Our inspiration for this piece is a Wall Street Journal article, entitled “Stocks for Income, Bonds for Speculation,” published last Thursday. It seems upside down, backwards, or perhaps wrong, but this is the state of most world stock and bond markets as we write this.
Bond yields have been on the decline worldwide. Last week the yield on a 30-year U.S. Treasury bond fell below 2% for the first time in U.S. history. But wait! There’s more! 30-year German and Swiss government bonds have negative yields! In effect, those governments are being paid to borrow money.
Locking in 2%/yr returns for 30 years is an imprudent use of investment capital. Buying-and- holding negative-yielding bonds is simply ludicrous. Clearly, speculators are active, betting on future economic weakness and, with it, even lower interest rates. But more negative?! Yes. The global supply of negative-yielding debt has risen to US$16 trillion. And if they’re wrong?
Eventually, the direction of interest rates will reverse course. Interest rate trends are typically long in duration. The current downward trend began in 1981. In 1981, yields on 30-year US Treasury bonds topped out at over 14%. Ask any Baby Boomer what it was like paying double- digit interest rates on home mortgages back in the early ‘80s. (As an aside, if you have an adjustable-rate mortgage or 4.5%-or-higher, fixed-rate mortgage you should speak to a mortgage specialist – and don’t wait – about refinancing opportunities.)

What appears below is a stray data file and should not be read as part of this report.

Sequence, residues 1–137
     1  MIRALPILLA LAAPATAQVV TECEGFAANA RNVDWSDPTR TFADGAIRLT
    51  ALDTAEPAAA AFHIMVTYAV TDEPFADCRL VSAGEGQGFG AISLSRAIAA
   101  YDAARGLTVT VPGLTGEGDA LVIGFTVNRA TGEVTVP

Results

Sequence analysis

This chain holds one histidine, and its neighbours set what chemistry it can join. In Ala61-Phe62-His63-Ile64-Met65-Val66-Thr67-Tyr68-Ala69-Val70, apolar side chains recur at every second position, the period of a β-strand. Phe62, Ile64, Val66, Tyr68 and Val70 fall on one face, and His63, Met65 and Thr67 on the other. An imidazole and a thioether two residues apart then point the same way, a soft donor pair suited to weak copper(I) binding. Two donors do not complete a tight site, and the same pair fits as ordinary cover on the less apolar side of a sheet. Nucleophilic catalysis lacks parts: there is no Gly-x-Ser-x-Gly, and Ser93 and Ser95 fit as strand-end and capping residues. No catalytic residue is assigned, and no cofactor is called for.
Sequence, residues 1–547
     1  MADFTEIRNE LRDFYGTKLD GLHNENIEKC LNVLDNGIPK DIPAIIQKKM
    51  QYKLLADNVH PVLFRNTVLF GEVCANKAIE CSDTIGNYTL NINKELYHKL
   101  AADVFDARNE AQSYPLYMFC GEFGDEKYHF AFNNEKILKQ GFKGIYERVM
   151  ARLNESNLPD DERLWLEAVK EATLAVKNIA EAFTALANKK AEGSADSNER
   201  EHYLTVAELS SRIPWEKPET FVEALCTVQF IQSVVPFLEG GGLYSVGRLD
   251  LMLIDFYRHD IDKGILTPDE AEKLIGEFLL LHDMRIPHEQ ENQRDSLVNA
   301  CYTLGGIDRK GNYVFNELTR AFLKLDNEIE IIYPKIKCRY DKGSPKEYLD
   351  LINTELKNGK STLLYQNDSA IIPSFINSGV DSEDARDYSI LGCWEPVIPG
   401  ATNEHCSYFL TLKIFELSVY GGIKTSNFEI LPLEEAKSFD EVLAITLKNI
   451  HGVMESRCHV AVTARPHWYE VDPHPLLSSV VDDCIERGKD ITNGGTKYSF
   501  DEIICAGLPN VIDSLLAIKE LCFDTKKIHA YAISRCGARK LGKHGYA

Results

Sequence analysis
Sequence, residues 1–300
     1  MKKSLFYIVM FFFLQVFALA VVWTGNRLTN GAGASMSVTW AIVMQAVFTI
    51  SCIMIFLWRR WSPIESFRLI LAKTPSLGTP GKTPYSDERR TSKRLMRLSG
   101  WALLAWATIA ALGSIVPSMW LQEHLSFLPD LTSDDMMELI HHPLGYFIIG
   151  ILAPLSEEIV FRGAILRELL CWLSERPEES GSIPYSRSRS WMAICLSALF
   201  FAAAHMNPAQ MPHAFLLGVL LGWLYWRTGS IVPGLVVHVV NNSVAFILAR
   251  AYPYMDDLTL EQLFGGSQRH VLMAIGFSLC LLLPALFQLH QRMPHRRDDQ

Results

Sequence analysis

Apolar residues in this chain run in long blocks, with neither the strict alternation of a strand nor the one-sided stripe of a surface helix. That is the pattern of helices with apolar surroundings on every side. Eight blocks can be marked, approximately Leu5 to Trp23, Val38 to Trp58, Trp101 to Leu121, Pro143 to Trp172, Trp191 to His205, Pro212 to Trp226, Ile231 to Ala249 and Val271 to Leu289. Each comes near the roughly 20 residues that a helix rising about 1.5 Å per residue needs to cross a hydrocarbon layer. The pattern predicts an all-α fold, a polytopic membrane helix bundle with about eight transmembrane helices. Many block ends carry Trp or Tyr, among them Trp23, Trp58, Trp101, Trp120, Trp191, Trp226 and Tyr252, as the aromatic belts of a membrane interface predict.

We can calculate the interest-rate risk to the buy-and-hold bond investor. Duration, expressed in years, is the time-weighted average of the bond’s cash flows and is a measure of a bond’s price sensitivity to changes in interest rates. Hypothetically, let’s say a bond investor buys a 2% coupon, 30-year US Treasury bond at par. The duration of this bond is approximately 23. This implies that for every 1% move higher in interest rates this bond would fall 23% in price. Should rates on the 30-year bond double to 4% – something we view as highly probable given that they were at 3.375% just last November – this bond would theoretically decline 46% in price! (The actual decline would be less because of the asymmetrical relationship between
large changes in interest rates and bond prices.) If the bondholder has the intestinal fortitude to hang on until maturity in 2049 there is no loss. But does she?
For income investors who can tolerate credit risk there are many types of fixed-income investments besides government bonds to choose from. However, yields on non-government bonds have sharply declined as well. The low-interest-rate environment has pushed many traditional fixed-income investors into so-called “bond proxies,” such as preferred stock, REITs, MLPs, and common stocks of utility companies. These are not bonds, which are promises to pay, but they do offer higher yields.
The dividend yield of the S&P 500 index is currently 1.9%. You can earn as much, if not more, income on US stocks, broadly speaking, than you can in US government bonds of various maturities. This is not the norm. Going back to 1958, high-quality US bonds have yielded more than US stocks and, most of the time, by a wide margin.
We can evaluate the relationship between bonds and stocks by dividing the yield of a long-term government bond by the earnings yield (1/Price-to-Earnings Ratio) of the stock market. At current levels, the formula implies that stocks are very cheap relative to bonds. Currently, investing in a portfolio of dividend-paying, “blue-chip” common stocks can provide greater absolute income than high-quality bonds with the added benefit of long-term price appreciation.
Though not a recommendation, we have listed below for illustrative purposes a sampling of stalwart common stock names with attractive yields:
Exxon Mobil 5.01%
It’s a mad, mad, mad, mad world. Invest accordingly.
Jack E. Ditt, Jr. William L. McCollum